Wednesday, April 11, 2012

New Epidemiology Study Links Dental X-Rays and Brain Tumors

A new study claims that frequent dental X-rays, particularly in childhood, may increase the risk of developing meningioma, the most commonly diagnosed brain tumor in the U.S.

A new study on dental radiographs or x-rays has created quite a flap.

People who received frequent dental x-rays have an increased risk of developing meningioma, the most commonly diagnosed primary brain tumor in the U.S., according to a study published today in Cancer (April 10, 2012).

The findings should serve as a reminder to patients and practitioners alike to carefully assess the need for diagnostic imaging procedures and to limit the frequency of x-rays based on the recommendations of professional organizations, such as the ADA.

Ionizing radiation is the primary environmental risk factor for developing meningioma, a largely benign brain tumor, and dental x-rays are the most common artificial source of exposure to ionizing radiation for individuals in the U.S., the study authors noted.

To examine the link between dental x-rays and the risk of developing meningioma, Elizabeth Claus, MD, PhD, of the Yale University School of Medicine and Brigham and Women's Hospital, together with colleagues from multiple other academic medical centers, studied information from 1,433 patients who were diagnosed with the disease between the ages of ages 20 and 79 and were residents of the states of Connecticut, Massachusetts, North Carolina, the San Francisco Bay Area, and eight counties in Houston, TX, between May 1, 2006 and April 28, 2011.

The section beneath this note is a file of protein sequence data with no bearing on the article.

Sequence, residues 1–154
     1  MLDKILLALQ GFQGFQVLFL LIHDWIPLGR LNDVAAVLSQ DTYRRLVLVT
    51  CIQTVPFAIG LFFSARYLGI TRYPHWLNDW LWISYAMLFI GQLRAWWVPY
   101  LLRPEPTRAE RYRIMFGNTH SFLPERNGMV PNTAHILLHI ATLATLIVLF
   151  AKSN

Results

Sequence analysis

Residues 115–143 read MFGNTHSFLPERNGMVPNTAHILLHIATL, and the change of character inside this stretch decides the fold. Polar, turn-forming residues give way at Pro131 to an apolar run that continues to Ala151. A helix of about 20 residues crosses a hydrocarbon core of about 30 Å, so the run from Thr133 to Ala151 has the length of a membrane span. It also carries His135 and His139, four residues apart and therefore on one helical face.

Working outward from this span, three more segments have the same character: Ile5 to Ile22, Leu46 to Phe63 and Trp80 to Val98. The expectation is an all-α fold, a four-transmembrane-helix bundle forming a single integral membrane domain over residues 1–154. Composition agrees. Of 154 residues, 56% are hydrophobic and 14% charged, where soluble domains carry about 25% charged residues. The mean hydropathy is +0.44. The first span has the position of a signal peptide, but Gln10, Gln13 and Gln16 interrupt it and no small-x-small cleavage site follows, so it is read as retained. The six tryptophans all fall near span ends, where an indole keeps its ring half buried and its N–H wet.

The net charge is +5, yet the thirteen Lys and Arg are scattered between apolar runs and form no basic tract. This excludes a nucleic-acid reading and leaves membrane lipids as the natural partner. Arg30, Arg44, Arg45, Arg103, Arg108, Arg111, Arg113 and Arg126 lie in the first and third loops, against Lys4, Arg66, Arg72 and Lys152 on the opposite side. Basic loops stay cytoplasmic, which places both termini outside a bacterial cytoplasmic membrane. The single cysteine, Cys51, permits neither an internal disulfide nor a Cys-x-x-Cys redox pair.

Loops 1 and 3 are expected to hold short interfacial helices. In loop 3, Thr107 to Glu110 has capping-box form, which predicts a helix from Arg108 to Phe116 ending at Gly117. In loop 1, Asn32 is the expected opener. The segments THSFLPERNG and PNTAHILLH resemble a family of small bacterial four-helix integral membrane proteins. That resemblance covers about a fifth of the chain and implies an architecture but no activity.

They also studied information from a control group of 1,350 individuals who had similar characteristics but who had not been diagnosed with a meningioma.

To avoid attributing the effect of therapeutic ionizing radiation to dental x-rays, individuals who had received therapeutic radiation to the head, neck, chest, or face were removed from all analyses that assessed the risk associated with dental x-rays, the study authors noted.

"All epidemiology studies are imperfect and only suggest a correlation, not a cause and effect," Dr. Claus told "But we did collect information on other sources of common ionizing radiation, particularly therapeutic. We tried to control for other things that we knew would be an issue."

Here is the video report:

And, what is a bitewing x-ray?

Here is a video for my non-dentist readers:

So, what does this all mean?

Dentists should be judicious in their use of all ionizing radiation whether it be simple diagnostic bitewing x-rays or more elaborate Cone Beam CT-3D imaging. And, again, imaging should be based on sound professional judgment - not as a routine.

There have been many criticisms of this study in just the past day, including from the American Dental Association, but the study should serve as a reminder to dentists and patients alike.

The ADA has reviewed the study and notes that the results rely on the individuals' memories of having dental x-rays taken years earlier. Studies have shown that the ability to recall information is often imperfect. Therefore, the results of studies that use this design can be unreliable because they are affected by what scientists call "recall bias." Also, the study acknowledges that some of the subjects received dental x-rays decades ago when radiation exposure was greater. Radiation rates were higher in the past due to the use of old x-ray technology and slower speed film. The ADA encourages further research in the interest of patient safety.

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